Stop the hypocrisy, get tough
Apropos of “Make Islamabad accountable”, it’s nothing less than hypocrisy the way India continues futile talks with Pakistan even as we keep losing valiant soldiers to their bullets. To keep the Kashmir issue alive, Pakistan’s battalion are now adopting the ghastly Taliban approach, to behead Indian soldiers, in a repetition of the slaughter of Captain Saurabh Kalia during the 1999 Kargil conflict. Does the government have a spine strong enough to severe relations with Pakistan, perhaps even call off the cricket matches? Even the US has condemned this inhumane act by Pakistan soldiers. Also, India had better take up the matter with the International Court of Justice at the Hague, to prosecute the perpetrators of this attack as well as the masterminds of the 26/11 terror attack.
—Deepak Chikramane, Mumbai
The money or their lives
When I read about the attack on Indian soldiers by Pak intruders, my heart sank. I remember a report some months ago that the government was planning to permit FDI in telecom from Pakistan. The report also had a picture of PC Chidambaram shaking hands with Pakistan’s richest man. Some time later, I read another report that FEMA restrictions had been lifted on Pakistan and that the State Bank of India was to open branches there. Subsequently, another report described how, when a former diplomat was asked whether the prime minister should visit Pakistan and he replied in the negative, his remark was edited out from a broadcast. During the protests against the gang rape of the 23-year-old in Delhi, Sushil Kumar Shinde justified the crackdown on protestors, saying the movement was politically motivated and the authorities appeared keen to clear the streets for the visit of Russian president Vladimir Putin. Defence deals amounting to Rs25,000 crore were signed between India and Russia during Putin’s visit.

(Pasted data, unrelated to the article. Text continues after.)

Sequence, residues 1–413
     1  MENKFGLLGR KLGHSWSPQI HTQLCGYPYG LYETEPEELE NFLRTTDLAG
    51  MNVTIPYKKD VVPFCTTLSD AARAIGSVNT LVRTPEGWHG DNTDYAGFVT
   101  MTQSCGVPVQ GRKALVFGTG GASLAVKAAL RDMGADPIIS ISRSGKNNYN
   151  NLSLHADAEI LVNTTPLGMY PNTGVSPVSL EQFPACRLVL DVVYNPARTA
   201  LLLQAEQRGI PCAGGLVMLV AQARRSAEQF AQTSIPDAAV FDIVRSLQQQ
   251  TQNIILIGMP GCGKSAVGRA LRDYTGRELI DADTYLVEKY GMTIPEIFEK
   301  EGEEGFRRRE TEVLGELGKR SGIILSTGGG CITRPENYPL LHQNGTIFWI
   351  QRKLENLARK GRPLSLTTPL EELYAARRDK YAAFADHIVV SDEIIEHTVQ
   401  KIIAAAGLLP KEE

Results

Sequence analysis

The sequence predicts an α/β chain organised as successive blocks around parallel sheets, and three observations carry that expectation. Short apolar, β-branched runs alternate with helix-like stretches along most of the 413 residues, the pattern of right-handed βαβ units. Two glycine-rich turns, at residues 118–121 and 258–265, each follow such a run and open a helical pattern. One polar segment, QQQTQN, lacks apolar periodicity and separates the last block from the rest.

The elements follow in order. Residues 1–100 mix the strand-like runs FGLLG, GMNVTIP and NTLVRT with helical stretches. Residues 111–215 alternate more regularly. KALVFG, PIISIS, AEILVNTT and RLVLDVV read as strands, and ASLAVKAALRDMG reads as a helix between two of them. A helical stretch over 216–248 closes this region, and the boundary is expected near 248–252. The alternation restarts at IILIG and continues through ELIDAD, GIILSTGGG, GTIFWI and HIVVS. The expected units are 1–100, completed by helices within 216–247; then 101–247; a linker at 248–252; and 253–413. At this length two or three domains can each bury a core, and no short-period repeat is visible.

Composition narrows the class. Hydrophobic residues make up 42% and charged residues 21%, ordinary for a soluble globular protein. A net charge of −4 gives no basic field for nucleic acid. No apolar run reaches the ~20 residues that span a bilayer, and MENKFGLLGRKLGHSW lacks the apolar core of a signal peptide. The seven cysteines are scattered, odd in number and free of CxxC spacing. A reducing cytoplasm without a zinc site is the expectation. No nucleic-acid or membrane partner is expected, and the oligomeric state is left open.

To defend whom, may I ask? Certainly not common citizens or to help our soldiers. And against whom? Not Pakistan, surely, as the country is now on our government’s most favoured list! This is the outcome of a well-entrenched policy of running with the hare and hunting with the hound. It is my belief, and I hope that Aman Ki Asha participants realise this, that they are likely being used as a cover for a plan to channelise unaccounted money back into India via Pakistan. But if someone would think that my imagination is getting the better of me, consider the recent amendments to the double taxation avoidance agreement between India and Switzerland that makes it almost impossible to get information. Also note the case of unaccounted money getting into the Indian stock markets through hedge funds, as described in the government white paper on black money. And also how participatory notes have been spared from the ambit of tax avoidance rules.
—Poornima Mepani, by email
It was painful to learn how the Pakistan troops crossed over into Indian territory in the Poonch area and ambushed an Indian army patrol, killing two soldiers. It has been reported that the Pakistan troops chopped off the head of one of the soldiers and took away their weapons. This act is a serious violation of human rights and must be condemned. It is not only a barbaric act against the soldiers, but a disrespect to our nation that comes as a rude shock at a time when India has been pursuing steps to improve relations with its neighbour. It also displays the arrogance of the Pakistan army and must be taken up at the highest level so that the guilty are punished and such acts are not repeated.